Encouraging critical practice in curriculum delivery

One of the challenges we are often faced with as educational developers is supporting academics to engage as critical agents in the design of delivery right from the start of their teaching careers. The study by Daniela Jaklová Střihavková approaches the issue from the perspective of Social Work, and describes an intervention by the author to support students in developing an early appreciation of key concepts in Social Work and in particular how to relate their learning to Social Work practice and problems, as well as developing specific academic skills for essay writing. Students were first years drawn from Czech and Slovak backgrounds, and taught in Czech.

Early career academics (ECAs) are often teaching or supporting assessment at crucial stages for students; in seminars and in learning situations which fundamentally inform students’ conceptual understandings and their abilities to apply knowledge and concepts to real work scenarios. Seminars are crucial environments in which this conceptualisation and structuring of knowledge takes place, however ECAs are supporting students within the constraints of an existing curriculum and content provided by others. The author sought to address this and accommodate the diverse learning and experience backgrounds of students in her intervention. Her approach involved students receiving a Social Work case study which they then worked with in groups as a problem-solving exercise. The task emphasised reflection, active learning, peer and group-based activity, and a scaffolded problem-solving process to encourage discussion, sharing and negotiating solutions to the challenges posed by the case study. In this way students had to engage in a process of authentic exploration of concepts, application to real world problems and to co-construct their solution.

The author discusses the impact of the intervention on the basis of both qualitative and quantitative data drawn form the lecturer, students and student performance. Students felt the approach of using problem solving to respond to the case study helped their understanding their academic skills in writing essays and strengthened their understanding of concepts and the links to practice.

The chapter presents a simple action research cycle around an intervention and its impact with data drawn from participants and quantitative data. Having adopted a focus on the intervention itself the chapter lacks a more detailed critical examination of what is going on from a pedagogic perspective. Having established parameters of reflection and active problem-based learning in groups it would have been invaluable to draw conclusions on the value of this as a learning technique.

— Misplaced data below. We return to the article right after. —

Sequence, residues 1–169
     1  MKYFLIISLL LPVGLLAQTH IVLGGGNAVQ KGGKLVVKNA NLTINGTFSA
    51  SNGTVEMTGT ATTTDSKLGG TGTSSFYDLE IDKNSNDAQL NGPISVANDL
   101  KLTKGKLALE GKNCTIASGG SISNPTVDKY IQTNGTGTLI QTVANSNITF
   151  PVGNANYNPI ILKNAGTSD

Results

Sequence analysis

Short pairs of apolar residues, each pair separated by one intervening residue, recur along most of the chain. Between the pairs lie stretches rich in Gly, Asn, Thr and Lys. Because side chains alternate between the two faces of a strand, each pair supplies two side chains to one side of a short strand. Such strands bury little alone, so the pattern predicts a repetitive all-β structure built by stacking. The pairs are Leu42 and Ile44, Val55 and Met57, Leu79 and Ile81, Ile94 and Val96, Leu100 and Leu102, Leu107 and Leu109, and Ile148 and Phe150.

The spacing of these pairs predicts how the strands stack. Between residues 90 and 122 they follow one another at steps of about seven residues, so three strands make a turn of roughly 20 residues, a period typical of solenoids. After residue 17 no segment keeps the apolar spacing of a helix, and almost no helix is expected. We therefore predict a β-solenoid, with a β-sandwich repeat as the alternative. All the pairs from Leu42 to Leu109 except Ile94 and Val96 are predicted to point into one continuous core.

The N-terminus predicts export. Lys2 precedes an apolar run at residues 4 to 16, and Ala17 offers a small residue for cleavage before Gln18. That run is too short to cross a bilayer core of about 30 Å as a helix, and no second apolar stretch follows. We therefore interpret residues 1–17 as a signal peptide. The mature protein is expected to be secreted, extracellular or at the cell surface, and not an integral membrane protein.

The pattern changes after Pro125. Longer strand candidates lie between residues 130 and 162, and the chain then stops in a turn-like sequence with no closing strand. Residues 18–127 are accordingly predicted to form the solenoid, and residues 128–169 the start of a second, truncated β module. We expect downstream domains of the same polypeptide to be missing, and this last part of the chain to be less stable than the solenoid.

The chapter offers a resource to stimulate reflection by ECAs on action research as a learning tool for them to adopt as they engage as critical professionals in delivery and support of students’ learning. It provides an opportunity too for ECAs to explore and critique ways in which students can benefit from authentic tasks, from real world problem-solving activities, and from a more active-student centred approach to learning. In this way, the chapter encourages educational developers and ECAs to engage pro-actively in adopting critical action-orientated and reflective approaches to developing their learning as educators focused around the learning needs of students from the outset, as pro-active agents in designing the learning process.

Ruth Pilkington, Visiting Professor University of Ulster, freelance educational consultant


Early Career Academics’ Reflection on Learning to Teach in Central Europe

SEDA is publishing an open access book online, with a chapter released on its website every fortnight.  Each time a chapter is released it will be accompanied by a blog post published on SEDA WordPress. The book is called Early Career Academics’ Reflections on Learning to Teach in Central Europe, edited by Gabriela Pleschová and Agnes Simon. This book contains case studies by participants of a new educational development programme who redesigned their course sessions to apply student-centred approaches, using innovative teaching methods and stimulate good learning.

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